Krochmal sighs, relaying that being a part of a gay magazine is still a taboo some actors shy away from, regardless of their sexuality. The editor, however, hopes that reality will change soon — especially since LGBT fan bases are very vocal and loyal.

“Almost any likable actor who is good at what he does and willing to be honest about his life will keep the support of his loyal fans after coming out — which especially in daytime TV is the best way to keep your job,” she points out. “It’s more of an uphill battle for someone who has lied through his teeth, either by repeatedly denying gay rumors or parading fake girlfriends around. But for those who have quietly declined to answer or generally avoided the question, I think audiences are far more ready to accept out gay actors than most producers and studios like to assume.”

Well, except for co-head writer and co-executive producer of daytime’s No. 1 soap, Y&R. Maria Arena Bell tells she’d feel all gay inside if an actor of hers decided to kick down the closet. “Omigod — it would be fantastic,” she says with a huge smile. “I’m all for people being authentic. I’d support it completely. I’d love to see it happen — and I’m not feeding you a line here. I support coming out 110 per cent! And let’s face it; if an actor is freer in their life, their performances will be, too. Coming out doesn’t just make perfect human sense, but perfect business sense.”

Newcomb adds that coming out could even save lives. Alarmingly, gay-teen suicides are still on the rise.

He points out, “The more visibility the gay community gets from out-and-proud celebrities, the better off we all are. Like it or not, actors are role models for many and their stories can help people of all ages deal with their own sexuality in sometimes less-than-accepting environments.”

New York Daily News and Soap Opera Digest columnist Carolyn Hinsey doesn’t see what the big brouhaha is all about, but she does see one hurdle when it comes to fan acceptance. “I can’t think of an executive producer who would not support an actor coming out,” says the former editor-in-chief of Soap Opera Weekly before warning, “their support would be tempered by the basic fact of soap operas, which is that many fans love the character first and the actors second. Super-couple fan bases like Zandall, Liason, JaSam, Nuke, EJami — you name the couple — love the fantasy, so any actor who flaunts his/her personal life does so knowing that he/she is breaking the fourth wall with a small segment of the audience.”

Another soap opera journalist, who asked to remain anonymous, agrees, pointing out a major difference in prime-time and daytime-TV realities. “Actors play the same character day in and day out on soaps. Soap actors have a very different relationship with their audience. And I think if a soap star came out it would be akin to breaking the fourth wall. I don’t think a star, male or female, can come out of the closet and continue to be a viable romantic lead on soaps. It’s a sad commentary, yes. Are there open-minded viewers? Of course, but they aren’t the majority. To bring the bigger picture into focus: most soaps discourage actors from stating their political associations — it’s the same thing here. With such a large fan base, can this audience really buy a gay actor in a straight love story? I don’t think so.”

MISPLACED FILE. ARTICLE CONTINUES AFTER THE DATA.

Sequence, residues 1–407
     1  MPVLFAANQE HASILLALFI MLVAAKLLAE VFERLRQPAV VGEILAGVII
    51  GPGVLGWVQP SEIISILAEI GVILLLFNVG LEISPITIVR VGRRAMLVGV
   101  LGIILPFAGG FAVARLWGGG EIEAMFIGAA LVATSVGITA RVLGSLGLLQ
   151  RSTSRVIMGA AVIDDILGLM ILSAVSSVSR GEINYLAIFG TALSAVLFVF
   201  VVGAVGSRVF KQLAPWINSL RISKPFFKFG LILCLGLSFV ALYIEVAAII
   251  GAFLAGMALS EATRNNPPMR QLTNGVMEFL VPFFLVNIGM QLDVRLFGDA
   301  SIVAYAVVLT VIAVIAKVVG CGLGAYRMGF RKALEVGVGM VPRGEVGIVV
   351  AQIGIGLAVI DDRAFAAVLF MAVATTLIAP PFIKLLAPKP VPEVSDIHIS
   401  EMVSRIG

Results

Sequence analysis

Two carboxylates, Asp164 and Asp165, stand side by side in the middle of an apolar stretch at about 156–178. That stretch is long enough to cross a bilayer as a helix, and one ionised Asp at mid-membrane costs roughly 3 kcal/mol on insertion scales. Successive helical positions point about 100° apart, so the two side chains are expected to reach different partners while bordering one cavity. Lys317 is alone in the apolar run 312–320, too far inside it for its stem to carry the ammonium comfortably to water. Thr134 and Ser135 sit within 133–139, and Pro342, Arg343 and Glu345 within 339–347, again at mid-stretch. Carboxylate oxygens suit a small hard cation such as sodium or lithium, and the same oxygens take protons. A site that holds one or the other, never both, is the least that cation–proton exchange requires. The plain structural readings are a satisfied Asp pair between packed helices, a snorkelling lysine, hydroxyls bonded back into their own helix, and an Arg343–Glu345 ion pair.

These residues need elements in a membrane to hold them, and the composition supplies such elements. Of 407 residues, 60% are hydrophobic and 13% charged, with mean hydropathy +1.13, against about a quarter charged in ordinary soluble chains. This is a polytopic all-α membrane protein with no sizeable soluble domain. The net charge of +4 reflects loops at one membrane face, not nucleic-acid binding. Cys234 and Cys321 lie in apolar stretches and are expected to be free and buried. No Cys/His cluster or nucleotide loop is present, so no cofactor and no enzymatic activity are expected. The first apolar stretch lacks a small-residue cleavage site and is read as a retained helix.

What will happen? Who will come out? And will anyone care? As they say in the business, we’ll have to tune in tomorrow to find out how this cliffhanger will resolve itself. Of course, we won’t have the answer until one brave actor casts himself — of herself — in the role of hero before taking a big, gay leap of faith.
—Additional reporting by Jamey Giddens




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Nelson Branco is a Toronto freelance entertainment journalist, who regularly contributes to Hello! Canada, The National Post, The Los Angeles Times', TV Guide USA,, Inside Entertainment, OUT, and fab magazine, along with spearheading the soap coverage for's popular daytime TV hub. After graduating from Ryerson University in 1997, he moved from Toronto to New York in 1998 to take on the roles as senior news editor at Soap Opera Update. Branco first freelanced for Soap Opera Weekly as an intern in 1994, and after leaving Soap Update to help create and launch Bauer Publishing's In Touch Weekly in 2003, Branco continued to freelance occasionally for its sister publication, Soaps In Depth. Most recently, he helped create and launch Canada's first celebrity magazine, Weekly Scoop in 2005 as its news and entertainment director. Branco is also a contributor to a new TV show titled Planet Soap to air in Canada and America.